Carbon Monoxide Guide
monoxide (CO) detectors.
home should have one or more CO alarms. This applies to homes with
electric appliances as well if you have an attached garage, a fire
place, or if you use portable kerosene heaters, etc.
alarms are necessary because there is no other way to detect its
presence until it is too late. The gas has no odor, no color and no
smell. Firefighters need special detection equipment to find the
source. Back when CO alarms first hit the market, many fire
departments were not trained or equipped to find CO.
Sources of Carbon Monoxide:
Un-vented kerosene and gas space heaters; leaking
chimneys and furnaces; back-drafting from furnaces, gas water
heaters, wood stoves, and fireplaces; gas stoves; generators and
other gasoline powered equipment; automobile exhaust from attached
garages; and tobacco smoke. Incomplete oxidation during
combustion in gas ranges and unvented gas or kerosene heaters may
cause high concentrations of CO in indoor air. Worn or poorly
adjusted and maintained combustion devices (e.g., boilers, furnaces)
can be significant sources, or if the flue is improperly sized,
blocked, disconnected, or is leaking. Auto, truck, or bus
exhaust from attached garages, nearby roads, or parking areas can
also be a source.
ARE MANY LAWS IN EVERY STATE AND LOCAL GOVERNMENT THAT REQUIRE
AT LEAST ONE CARBON MONOXIDE AND SMOKE DETECTOR IN EVERY
HOME. THEY MUST BE LOCATED IN THE BEDROOM AREA. IF YOU
RENT, YOUR LANDLORD SHOULD HAVE SUPPLIED YOU WITH ONE. YOU
SHOULD TAKE THE RESPONSIBILITY TO MAKE SURE THE ALARM IS
MONOXIDE and SMOKE
DETECTOR Helpful Tip Pick
a holiday or your birthday and replace the batteries each year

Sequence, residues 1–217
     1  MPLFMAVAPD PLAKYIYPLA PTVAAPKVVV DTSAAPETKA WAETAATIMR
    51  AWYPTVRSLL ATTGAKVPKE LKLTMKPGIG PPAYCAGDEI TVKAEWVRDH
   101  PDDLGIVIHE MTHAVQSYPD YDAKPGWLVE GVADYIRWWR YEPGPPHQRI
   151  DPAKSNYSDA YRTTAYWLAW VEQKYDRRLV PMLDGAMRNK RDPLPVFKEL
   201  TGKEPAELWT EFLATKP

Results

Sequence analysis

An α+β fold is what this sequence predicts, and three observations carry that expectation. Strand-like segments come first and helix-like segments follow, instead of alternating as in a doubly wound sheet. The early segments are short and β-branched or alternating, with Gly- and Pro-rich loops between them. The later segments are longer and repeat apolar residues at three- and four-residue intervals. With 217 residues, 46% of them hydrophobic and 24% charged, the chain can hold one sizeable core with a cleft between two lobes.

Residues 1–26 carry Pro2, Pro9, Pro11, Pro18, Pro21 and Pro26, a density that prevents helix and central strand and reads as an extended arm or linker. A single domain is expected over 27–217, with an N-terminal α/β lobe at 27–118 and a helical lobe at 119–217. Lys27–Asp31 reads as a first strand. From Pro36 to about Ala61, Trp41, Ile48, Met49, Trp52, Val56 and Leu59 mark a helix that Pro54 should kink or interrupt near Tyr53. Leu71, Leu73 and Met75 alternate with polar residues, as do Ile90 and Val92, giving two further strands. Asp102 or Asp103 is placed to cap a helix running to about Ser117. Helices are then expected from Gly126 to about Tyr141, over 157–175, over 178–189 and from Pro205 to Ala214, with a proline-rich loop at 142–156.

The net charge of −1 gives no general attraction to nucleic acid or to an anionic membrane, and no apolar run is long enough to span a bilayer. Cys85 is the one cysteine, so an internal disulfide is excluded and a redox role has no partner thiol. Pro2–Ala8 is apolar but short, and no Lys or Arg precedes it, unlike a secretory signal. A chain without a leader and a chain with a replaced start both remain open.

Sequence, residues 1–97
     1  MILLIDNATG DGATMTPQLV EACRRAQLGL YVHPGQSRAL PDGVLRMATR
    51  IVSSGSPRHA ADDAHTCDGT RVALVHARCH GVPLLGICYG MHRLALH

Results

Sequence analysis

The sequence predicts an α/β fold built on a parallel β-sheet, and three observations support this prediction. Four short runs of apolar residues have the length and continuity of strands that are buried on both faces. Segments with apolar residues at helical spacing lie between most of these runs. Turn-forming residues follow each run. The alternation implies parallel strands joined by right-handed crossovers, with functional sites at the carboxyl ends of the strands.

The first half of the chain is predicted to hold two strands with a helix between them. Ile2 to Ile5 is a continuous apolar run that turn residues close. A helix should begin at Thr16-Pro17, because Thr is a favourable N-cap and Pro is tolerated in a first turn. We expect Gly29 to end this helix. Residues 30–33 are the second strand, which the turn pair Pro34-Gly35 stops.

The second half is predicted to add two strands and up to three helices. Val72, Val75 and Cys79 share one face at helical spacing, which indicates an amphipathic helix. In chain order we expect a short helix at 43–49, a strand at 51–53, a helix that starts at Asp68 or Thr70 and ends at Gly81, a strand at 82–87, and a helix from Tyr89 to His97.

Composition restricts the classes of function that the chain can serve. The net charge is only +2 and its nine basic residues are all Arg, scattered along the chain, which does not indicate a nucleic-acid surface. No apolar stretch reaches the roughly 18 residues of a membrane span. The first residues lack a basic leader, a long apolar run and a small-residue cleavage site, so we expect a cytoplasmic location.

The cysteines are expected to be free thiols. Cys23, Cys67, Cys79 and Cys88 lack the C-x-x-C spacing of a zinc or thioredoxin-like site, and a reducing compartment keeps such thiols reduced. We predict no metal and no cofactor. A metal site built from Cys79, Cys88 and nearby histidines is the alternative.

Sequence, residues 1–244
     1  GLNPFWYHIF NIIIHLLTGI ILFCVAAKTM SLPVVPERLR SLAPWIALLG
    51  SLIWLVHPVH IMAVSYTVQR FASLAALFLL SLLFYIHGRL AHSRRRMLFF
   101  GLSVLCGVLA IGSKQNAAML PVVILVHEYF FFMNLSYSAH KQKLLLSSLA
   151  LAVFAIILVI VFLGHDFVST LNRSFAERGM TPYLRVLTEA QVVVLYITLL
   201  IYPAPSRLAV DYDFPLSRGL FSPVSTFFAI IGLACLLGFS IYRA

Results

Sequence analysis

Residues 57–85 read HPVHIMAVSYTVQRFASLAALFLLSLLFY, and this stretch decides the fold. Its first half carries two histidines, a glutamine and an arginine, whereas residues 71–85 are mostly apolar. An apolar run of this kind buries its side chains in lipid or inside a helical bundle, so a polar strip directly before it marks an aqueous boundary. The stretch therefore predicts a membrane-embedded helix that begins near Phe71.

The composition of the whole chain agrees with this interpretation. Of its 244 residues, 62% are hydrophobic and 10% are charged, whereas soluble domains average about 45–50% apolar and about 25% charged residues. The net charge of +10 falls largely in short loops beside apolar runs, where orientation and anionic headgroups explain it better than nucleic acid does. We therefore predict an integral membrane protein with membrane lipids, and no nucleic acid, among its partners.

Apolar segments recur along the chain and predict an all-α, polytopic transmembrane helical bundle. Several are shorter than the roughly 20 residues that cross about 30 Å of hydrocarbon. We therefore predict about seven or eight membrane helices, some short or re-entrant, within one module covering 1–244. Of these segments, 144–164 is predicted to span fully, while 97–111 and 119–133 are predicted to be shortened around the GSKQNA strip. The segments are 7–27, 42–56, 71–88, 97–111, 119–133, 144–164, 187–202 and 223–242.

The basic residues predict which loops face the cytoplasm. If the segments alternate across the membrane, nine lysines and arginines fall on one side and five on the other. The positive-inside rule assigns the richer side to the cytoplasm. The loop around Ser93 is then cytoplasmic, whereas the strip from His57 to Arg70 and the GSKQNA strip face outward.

on that day.
is most important to be sure combustion equipment is maintained and
properly adjusted. Vehicular use should be carefully managed
adjacent to buildings and in vocational programs. Additional
ventilation can be used as a temporary measure when high levels of CO
are expected for short periods of time.
gas appliances properly adjusted.
purchasing a vented space heater when replacing an unvented one.
proper fuel in kerosene space heaters.
and use an exhaust fan vented to outdoors over gas stoves.
flues when fireplaces are in use.
properly sized wood stoves that are certified to meet EPA emission
standards. Make certain that doors on all wood stoves fit tightly.
a trained professional inspect, clean, and tune-up central heating
system (furnaces, flues, and chimneys) annually. Repair any leaks
not idle the car inside garage.
standards recommend that a CO alarm be placed near the bedrooms close
enough to hear it when the bedroom doors are closed. If the bedrooms
are not together, additional CO alarms will be needed. In larger
homes, just one CO alarm may not be close enough to other parts of the
home to be heard. For example, if the CO alarm is upstairs and you
have a family room on the lower level, you might need an additional
unit to be close enough to hear it. If the room in in the basement,
there will be two levels separating you from the CO alarm, so it is
less likely that you will hear it. In this case, a CO alarm on each
level is prudent.
CO alarms manufactured
today only respond to higher levels of CO that are an imminent threat.
January 2005, there has been much action taken across the nation to
ensure that CO detection becomes part of the residential life safety
Return to: Smoke
Alarm Part 1, Smoke
Part 2, Carbon
Monoxide, Fire Escape Plans, Fire Extinguishers,